What to do with Johnny…

I have this guy in my non-academic English class.  Let’s call him Johnny.  It took him three tries to get to me, but his very determined grade eleven teacher was there for him and helped him get over the hurdles he needed to finally pass.  She also got him a used bed when his father kicked him out of the house after he turned eighteen and was no longer eligible for the government check that came every month.  She delivered it, and some second hand sheets and towels, to the grungy one-room apartment that he lives in by himself.  The bed is one of the very few pieces of furniture in the room and he was over the moon to receive it.  His story breaks my heart.

He is one of the students in the class that I am team-teaching.  My partner and I have been having a great time with the students, and have spent a good part of the first weeks of the semester on relationship building, mixed in with lots of critical thinking exercises.  Johnny comes every day and does minimal written work.  He has a hard time sitting still and often looks for attention.  But he is highly engaged in the class. He participates fully in every discussion, and is the first to volunteer when we ask for one.  In short, he likes to be there and he is learning lots.  We can work on the written work as time goes on.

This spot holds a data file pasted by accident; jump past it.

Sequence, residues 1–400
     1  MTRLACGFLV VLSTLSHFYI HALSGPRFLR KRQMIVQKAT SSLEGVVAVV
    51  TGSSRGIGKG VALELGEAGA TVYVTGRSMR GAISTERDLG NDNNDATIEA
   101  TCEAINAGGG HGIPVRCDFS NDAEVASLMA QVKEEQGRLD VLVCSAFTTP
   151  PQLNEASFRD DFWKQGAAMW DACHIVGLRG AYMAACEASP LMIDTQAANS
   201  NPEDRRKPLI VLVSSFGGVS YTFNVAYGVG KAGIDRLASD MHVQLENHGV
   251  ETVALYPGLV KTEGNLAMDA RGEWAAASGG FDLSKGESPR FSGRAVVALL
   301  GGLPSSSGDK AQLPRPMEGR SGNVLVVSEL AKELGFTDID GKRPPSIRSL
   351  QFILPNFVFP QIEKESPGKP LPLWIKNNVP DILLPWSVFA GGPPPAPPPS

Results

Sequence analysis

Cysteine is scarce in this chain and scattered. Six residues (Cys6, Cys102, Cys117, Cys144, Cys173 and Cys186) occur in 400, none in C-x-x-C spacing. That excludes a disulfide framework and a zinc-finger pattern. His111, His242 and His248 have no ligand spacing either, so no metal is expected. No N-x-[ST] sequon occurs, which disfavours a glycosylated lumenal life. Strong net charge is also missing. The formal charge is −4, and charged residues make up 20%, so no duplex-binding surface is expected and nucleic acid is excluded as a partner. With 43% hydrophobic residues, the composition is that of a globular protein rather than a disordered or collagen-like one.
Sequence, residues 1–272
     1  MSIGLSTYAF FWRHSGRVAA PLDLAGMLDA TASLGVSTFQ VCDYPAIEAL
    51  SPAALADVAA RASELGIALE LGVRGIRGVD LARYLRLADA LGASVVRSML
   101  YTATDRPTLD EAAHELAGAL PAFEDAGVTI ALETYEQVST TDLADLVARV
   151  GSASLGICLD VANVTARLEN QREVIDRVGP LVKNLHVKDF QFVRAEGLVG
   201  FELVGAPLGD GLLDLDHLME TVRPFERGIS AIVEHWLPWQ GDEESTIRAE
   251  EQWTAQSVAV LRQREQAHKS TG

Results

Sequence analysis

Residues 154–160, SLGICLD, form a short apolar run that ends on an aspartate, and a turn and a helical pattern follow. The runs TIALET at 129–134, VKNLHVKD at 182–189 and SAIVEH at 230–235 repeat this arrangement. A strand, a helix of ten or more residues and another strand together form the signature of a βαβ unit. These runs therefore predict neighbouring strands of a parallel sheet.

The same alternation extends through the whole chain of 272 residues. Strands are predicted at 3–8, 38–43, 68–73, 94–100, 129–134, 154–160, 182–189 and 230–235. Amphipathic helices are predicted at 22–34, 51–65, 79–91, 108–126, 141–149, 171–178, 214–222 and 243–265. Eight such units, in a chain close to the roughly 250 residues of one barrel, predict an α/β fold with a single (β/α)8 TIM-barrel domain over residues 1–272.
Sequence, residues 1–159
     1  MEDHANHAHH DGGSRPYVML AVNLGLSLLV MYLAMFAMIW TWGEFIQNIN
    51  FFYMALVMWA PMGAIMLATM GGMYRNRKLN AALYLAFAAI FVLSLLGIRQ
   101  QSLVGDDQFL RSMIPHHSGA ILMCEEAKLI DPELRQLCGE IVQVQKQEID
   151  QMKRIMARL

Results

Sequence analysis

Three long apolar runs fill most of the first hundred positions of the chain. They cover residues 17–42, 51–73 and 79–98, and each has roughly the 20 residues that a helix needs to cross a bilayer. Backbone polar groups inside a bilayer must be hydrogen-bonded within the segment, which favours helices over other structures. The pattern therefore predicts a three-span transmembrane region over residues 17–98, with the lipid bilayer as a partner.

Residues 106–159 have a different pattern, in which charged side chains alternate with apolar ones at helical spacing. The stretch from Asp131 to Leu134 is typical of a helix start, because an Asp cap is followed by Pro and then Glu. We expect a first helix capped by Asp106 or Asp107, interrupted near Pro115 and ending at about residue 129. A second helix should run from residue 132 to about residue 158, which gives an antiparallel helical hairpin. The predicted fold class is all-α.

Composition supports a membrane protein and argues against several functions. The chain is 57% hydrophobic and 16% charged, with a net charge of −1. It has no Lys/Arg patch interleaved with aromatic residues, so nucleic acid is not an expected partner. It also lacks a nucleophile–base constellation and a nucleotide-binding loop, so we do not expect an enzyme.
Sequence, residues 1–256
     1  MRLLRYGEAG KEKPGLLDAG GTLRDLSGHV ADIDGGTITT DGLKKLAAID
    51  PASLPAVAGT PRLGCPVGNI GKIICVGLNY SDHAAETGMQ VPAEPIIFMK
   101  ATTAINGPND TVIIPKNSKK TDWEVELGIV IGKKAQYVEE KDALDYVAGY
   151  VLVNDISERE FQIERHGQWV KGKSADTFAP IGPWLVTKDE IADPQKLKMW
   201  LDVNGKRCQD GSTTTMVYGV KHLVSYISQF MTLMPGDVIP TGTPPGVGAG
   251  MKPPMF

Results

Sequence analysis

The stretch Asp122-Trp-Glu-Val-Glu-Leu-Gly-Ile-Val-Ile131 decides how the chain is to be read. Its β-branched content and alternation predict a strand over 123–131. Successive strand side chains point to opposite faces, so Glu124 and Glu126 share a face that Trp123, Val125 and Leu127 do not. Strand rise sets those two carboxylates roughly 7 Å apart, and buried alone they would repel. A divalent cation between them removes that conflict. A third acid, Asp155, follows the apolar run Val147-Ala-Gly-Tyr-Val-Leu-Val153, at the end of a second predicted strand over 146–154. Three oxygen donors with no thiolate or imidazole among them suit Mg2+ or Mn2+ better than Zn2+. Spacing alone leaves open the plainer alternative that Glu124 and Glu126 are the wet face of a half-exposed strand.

So.  Johnny has a sad back story.  Johnny has had a hard time at school.   Johnny has been coming every day and is participating in class.  However…there’s always a however.  Johnny had a girlfriend named…let’s  call her Julie.  Julie was upset with him one of those reasons that often cause DRAMA.   She and her friend decide to jump Johnny at lunch one day and he fought back.  End of the story is that he was kicked out of school for a week.

Here’s my question: is that the right way to handle his behavior?  On the one hand, he used violence to solve his problem and, as we all know, violence is never the answer, and it’s certainly not an answer we can condone in school.  However,  this kid  has little guidance in his life.  He does not go home to Mom and Dad who teach him valuable life lessons and who provide consequences for bad behavior.  He goes home to that grungy apartment with a bed and some used sheets.  He had been attending regularly; he was enjoying school.  Is it possibly the right answer to remove him from the one place where he could get some guidance?

It’s not an easy question to answer, but I think there must be some better solutions out there.  If anyone’s listening and you have some ideas, I’d love to hear them.

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